It’s been awhile since a dairy blog has been featured. This one is unique in that it focuses on bulls and genetics in the dairy industry. Jon’s site, DairyXbred.com, takes an “independent look at crossbreeding”.
1. Tell a little about you and your operation.
I’m a third generation dairy farmer and came back to the operation in 2006 after receiving my degree in Dairy Science from University of Wisconsin-River Falls. We milk 450 cows three times a day. I am in charge of the dairy operation while our cropping is another branch of the farm that I have less involvement in. Right now we are about evenly divided between pure Holsteins and crossbreds. That will change in the coming years as we are moving toward all crossbreds.
I had been thinking about it for some time. This isn’t my first attempt at a blog. Back when I was in college I had a baseball blog that was focused on the Milwaukee Brewers. Baseball blogs were quickly becoming saturated on the internet and I didn’t really have much of anything unique to offer. So my interest faded after a while. I began brainstorming a crossbreeding blog back in 2010. While there was plenty of information out there on crossbreeding dairy cattle, the message was mostly driven by the companies that were marketing the semen for crossbreeding. I wanted to have a place where farmers could share their experiences and information independent from any marketing. People that crossbreed dairy cattle don’t have local breed associations or other such outlets for discussion. With crossbreeding in dairy being somewhat of a new and controversial idea, it was almost like creating a support group on the internet.
3. What made you think of having contributors? & How is that working out?
I never intended for the blog to be about me. What works on my operation does not necessarily apply to the next operation. Somebody that is 100% grazing really can’t take much away from what I do in a 100% confinement operation. I wanted unique perspectives. With the four people I’ve brought on to contribute, I feel we’ve really covered a lot of ground in terms of geography and styles of dairy farming. It’s really been a pleasure working with the contributors I have. If I am busy for a few weeks where I don’t have much time or desire to post, somebody else will so there really aren’t any lulls where a lot of time goes by between posts. I never feel the urge to come up with something to post just for the sake of getting new material up.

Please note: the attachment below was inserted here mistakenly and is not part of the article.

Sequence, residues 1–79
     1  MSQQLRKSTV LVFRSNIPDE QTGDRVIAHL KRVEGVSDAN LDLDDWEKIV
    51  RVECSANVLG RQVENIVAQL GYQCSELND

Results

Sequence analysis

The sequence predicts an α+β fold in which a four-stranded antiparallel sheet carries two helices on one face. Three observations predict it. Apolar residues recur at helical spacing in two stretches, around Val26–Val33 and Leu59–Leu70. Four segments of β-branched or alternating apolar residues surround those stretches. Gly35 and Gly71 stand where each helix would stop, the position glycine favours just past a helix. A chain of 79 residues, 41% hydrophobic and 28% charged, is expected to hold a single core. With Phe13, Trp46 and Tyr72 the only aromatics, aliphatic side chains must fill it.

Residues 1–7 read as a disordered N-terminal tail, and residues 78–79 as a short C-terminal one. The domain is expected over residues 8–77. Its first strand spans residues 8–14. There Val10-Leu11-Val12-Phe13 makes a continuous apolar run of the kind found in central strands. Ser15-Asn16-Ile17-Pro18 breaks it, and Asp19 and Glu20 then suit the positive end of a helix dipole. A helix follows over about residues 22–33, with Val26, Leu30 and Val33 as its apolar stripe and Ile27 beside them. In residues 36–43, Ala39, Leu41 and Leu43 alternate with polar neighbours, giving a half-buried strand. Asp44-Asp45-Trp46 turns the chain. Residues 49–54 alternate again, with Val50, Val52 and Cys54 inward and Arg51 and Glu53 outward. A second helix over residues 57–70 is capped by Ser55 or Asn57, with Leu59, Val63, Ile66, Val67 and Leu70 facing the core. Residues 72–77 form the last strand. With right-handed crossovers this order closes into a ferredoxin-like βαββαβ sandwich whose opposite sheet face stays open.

4. What is your favorite post and why?
This is one of the most viewed and most commented posts on the Dairy Crossbred Blog. You could also say it was one of the most controversial posts since there was wide disagreement about the criteria for the award. The winner of the award was a Montbeliarde bull named Valfin that many felt was not proven enough to be named Bull of the Year. The whole series of posts for picking the Bull of the Year generated some of the healthiest conversation on the blog to date. We’ll be changing things around for 2012’s vote from what we learned, but I’m already looking forward to the next vote.
I never have and never will have a road map for what I want to do with the blog. It’s the content that brings readers to the site. My only goal is to continue providing content that interests people and a place for discussion. When you think about it, crossbreeding dairy cows is a fairly narrow niche within the world of agriculture as a whole. We also aren’t a general agvocacy blog. Consumers probably wouldn’t get much out of our blog unless there is a general interest in genetics. Yet, the amount of interest and views I’ve gotten on my blog has far surpassed my wildest expectations. Where it goes from here? Who knows.